PTM is held on every second Saturday or the last working day of each month or it may be arranged keeping in mind any special need of the students. Meeting can also be arranged when found necessary. Date will be mentioned in school diary. It is compulsory for the parents to attend PTMs failing which the student will not be allowed to sit in the class. PTMs are quite compulsory as they greatly help to improve Parent – Teacher understanding. Hence leading to overall improvement in the performance of the pupil.

Some Important Points about PTMs

Whether your child is in Primary or Secondary level, the Parent Teacher Meeting is an important time to meet your child’s teacher(s) in a one to one setting. Furthermore, it lets your child know that you care about their progress.

At Primary level parents will usually only meet the child’s class teacher. At Secondary level, however you will meet all or most of their subject teachers (around six to ten individual teachers). However, at each level the objectives are similar. It is a chance to see how your child is getting on in school, where their strengths and weaknesses lie, how they socialise with other children in the classroom, playground, extra curricular activities etc. It is also a chance for your teacher to learn more about your child in order that you can work together for your child’s success.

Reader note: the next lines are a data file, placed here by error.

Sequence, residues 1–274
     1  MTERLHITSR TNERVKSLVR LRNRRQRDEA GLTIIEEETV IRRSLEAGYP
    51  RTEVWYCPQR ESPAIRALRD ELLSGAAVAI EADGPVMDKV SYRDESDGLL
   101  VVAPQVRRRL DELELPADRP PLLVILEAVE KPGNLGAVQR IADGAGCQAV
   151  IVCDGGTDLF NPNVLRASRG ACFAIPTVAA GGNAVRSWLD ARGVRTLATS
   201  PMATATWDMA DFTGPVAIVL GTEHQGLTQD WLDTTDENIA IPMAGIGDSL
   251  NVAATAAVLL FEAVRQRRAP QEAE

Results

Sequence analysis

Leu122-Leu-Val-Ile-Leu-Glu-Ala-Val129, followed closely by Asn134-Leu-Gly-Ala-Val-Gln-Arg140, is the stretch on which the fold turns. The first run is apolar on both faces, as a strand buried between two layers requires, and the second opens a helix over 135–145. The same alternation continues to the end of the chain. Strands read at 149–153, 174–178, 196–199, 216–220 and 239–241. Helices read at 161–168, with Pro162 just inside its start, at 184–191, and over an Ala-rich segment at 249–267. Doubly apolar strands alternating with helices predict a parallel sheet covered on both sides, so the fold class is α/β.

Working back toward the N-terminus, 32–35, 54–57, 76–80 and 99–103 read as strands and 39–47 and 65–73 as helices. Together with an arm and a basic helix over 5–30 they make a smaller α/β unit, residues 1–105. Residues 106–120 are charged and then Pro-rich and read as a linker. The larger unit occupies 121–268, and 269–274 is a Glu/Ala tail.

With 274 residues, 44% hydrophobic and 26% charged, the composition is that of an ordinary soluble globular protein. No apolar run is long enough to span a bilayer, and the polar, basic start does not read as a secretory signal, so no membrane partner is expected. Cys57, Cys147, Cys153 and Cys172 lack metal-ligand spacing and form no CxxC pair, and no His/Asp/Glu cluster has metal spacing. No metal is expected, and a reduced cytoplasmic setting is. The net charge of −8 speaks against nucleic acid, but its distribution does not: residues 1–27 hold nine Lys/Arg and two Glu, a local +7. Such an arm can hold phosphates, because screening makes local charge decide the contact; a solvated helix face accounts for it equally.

Facing our child’s educational problems can be daunting for some parents who carry feelings of anxiety from their own schooldays. However, many parents are surprised to learn that teachers, especially new ones, are equally anxious about meeting parents! So, the best way to approach, is to be positive and remember you are working for the same cause.

The time limit for each parent(s) at the annual Parent Teacher Meeting at Primary level is about 10 to 15 minute long. And at second level just a few minutes with each subject teacher. It is, therefore, important to stick to the time allotted, as it can be irritating for other parents if the teacher’s time is monopolised by a couple of parents. (If there is a lengthy issue to discuss; schedule a later appointment.)

So, it helps to do a little advance work to draw the maximum out of this valuable time. Here are a few pointers that may help:

Talk to your child. Let them know about the meeting and ask them if there is anything they would like you to raise with their Teacher/s

(1) If you have any previous reports, check them for progress, trends, repeated behaviour and names of your child’s subject teachers!

(2) Come prepared with questions. Jot them down and anything else you want to raise in order to keep focused.

(3) The teacher will usually start with an outline of your child’s progress and will probably have examples of their work, test marks etc. So try and keep your questions specific and ask the important ones first.